Who Controls the Money?

Money…what do you value?
Money only shows the problem in a relationship, it‘s not the problem.

Who takes care of your finances?
Before we married, we decided who would pay the bills…because the person who controls the money, controls how it is spent…we decided that my husband would lead in all things.
He will be the first to say I probably would do a better job, but he decides where the money will be spent. He has the power.
The first time he was deployed for a year, the check book had nothing written in it. (This was before on-line checking). I asked him “How was I to know if this bill was paid?” He said he had it in his head. I told him his head wasn’t here paying the bills for me…By the second time he was deployed…he wrote things down. That was easier for me, probably not for him. He did it for my need for security, not his lack of a head. When he returned after a year, I gave it back to him. Sometimes it was hard. He lost $100 when $100 meant whether we ate or not. He wasn’t worried. He said it’d show up later. It did. Several months later. I allow him to lead with the money---I don’t take over the control.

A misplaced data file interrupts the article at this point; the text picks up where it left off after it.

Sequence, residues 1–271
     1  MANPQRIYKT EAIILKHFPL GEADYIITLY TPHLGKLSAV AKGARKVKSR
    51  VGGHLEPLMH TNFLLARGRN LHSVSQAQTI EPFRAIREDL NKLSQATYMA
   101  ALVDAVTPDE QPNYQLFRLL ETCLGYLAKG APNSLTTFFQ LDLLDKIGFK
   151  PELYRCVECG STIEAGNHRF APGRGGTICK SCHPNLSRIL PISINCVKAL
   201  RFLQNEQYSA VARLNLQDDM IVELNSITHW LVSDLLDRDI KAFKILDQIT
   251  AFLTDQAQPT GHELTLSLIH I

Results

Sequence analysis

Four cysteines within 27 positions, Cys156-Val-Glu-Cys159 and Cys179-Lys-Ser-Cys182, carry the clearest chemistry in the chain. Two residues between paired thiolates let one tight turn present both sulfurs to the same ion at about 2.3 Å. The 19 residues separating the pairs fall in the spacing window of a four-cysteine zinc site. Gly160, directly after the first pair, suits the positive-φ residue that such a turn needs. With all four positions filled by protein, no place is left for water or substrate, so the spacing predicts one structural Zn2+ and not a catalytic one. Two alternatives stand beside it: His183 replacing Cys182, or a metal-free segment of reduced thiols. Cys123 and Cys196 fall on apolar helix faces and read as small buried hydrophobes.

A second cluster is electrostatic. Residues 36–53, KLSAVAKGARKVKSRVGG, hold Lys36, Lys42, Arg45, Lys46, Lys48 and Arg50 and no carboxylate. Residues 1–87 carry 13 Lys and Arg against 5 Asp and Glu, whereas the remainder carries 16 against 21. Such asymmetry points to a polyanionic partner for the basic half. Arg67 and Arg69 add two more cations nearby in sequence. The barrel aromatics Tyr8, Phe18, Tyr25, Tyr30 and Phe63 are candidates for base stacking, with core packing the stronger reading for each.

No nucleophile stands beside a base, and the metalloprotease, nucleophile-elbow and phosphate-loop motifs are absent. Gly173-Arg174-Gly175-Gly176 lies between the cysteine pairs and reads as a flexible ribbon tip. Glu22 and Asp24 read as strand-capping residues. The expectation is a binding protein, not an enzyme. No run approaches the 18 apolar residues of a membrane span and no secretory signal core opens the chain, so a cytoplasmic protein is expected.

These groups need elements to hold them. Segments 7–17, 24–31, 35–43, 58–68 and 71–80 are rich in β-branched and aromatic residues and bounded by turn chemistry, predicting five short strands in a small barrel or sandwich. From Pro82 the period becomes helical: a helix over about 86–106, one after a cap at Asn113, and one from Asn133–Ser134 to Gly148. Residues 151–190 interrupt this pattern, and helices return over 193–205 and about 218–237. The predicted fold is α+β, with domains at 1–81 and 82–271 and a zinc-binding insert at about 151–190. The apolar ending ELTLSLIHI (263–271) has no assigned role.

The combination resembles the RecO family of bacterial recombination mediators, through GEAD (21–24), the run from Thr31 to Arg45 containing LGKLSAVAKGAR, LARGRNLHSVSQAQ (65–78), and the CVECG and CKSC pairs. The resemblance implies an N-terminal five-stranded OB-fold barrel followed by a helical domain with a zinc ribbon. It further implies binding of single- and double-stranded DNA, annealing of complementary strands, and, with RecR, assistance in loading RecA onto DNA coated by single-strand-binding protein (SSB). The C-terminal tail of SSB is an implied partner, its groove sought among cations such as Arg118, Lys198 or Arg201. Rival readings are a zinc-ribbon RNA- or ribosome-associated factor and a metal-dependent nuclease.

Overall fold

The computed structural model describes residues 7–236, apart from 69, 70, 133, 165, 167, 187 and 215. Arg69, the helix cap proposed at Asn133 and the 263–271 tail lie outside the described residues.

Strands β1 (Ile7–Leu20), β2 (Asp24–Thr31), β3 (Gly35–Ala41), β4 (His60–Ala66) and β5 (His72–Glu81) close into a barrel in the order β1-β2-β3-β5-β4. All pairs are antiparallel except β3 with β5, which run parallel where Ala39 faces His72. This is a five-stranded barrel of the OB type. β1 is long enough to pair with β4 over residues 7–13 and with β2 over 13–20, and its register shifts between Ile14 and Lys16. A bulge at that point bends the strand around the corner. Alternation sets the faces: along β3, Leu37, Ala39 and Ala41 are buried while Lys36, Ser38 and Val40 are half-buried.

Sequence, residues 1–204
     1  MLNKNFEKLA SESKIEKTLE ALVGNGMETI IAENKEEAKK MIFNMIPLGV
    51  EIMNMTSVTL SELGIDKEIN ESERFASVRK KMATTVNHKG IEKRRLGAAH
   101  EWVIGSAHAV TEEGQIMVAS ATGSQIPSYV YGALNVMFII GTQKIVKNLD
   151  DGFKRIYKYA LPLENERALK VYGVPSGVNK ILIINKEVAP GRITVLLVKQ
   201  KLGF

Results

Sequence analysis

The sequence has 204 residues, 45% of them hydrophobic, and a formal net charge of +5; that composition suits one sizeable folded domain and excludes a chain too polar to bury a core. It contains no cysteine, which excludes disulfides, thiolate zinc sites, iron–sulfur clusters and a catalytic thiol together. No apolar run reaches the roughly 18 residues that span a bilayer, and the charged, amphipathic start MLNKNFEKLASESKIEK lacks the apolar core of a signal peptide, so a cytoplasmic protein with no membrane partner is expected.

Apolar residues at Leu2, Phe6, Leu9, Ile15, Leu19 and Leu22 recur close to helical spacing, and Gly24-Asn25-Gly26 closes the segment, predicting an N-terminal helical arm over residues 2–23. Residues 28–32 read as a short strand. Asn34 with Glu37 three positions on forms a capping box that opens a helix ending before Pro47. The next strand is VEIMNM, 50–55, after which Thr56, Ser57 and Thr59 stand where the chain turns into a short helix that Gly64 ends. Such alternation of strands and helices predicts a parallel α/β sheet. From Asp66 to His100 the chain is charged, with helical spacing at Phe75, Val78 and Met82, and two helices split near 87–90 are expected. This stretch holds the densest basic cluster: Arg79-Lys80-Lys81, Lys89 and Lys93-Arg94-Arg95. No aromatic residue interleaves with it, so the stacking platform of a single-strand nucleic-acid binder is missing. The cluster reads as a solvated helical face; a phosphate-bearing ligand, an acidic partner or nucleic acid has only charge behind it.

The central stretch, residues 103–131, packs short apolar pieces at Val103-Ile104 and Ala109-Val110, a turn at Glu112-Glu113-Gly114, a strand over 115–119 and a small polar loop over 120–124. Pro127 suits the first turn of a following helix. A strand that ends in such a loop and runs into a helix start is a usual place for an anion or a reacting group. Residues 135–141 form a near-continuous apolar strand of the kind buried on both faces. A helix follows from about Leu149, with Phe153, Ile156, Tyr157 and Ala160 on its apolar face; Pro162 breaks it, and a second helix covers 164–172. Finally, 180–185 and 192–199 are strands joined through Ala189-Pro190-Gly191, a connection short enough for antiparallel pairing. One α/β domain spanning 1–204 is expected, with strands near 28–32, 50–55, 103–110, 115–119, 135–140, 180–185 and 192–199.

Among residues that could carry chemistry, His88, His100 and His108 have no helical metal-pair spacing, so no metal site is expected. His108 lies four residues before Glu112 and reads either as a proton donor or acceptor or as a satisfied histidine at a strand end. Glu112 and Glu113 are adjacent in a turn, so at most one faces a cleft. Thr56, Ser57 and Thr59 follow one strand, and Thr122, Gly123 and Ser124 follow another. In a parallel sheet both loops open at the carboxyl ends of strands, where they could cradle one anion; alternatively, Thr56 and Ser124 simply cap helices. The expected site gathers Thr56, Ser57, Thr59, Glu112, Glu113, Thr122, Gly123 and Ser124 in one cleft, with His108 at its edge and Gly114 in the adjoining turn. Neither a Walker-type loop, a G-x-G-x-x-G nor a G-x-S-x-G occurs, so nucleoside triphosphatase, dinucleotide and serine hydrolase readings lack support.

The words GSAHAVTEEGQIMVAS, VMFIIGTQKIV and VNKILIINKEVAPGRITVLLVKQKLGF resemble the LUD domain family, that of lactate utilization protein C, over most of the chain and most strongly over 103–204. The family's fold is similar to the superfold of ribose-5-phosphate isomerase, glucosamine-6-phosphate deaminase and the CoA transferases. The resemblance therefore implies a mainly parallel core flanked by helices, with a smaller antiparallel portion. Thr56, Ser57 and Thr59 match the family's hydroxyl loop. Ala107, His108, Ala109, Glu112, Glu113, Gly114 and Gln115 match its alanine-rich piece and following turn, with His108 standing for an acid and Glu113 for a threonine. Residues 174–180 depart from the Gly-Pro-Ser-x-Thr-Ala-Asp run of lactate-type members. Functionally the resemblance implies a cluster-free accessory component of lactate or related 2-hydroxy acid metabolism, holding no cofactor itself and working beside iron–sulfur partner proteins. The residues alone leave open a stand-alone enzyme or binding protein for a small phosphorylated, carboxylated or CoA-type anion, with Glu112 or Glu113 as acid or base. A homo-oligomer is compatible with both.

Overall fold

For some couples, the woman controls the money. It gives her security. (I understand that, especially living through the above experiences.)
But is it security because you can’t trust your husband?
Or is it your need to control?
We don’t like to be dependent upon another. But that is what God has called wives to be.

The burden is heavy when there’s not enough money for the expenses. Women aren’t designed to carry that burden as easily as men. Remember, men want to protect and provide. If you are managing the money, how can he protect you?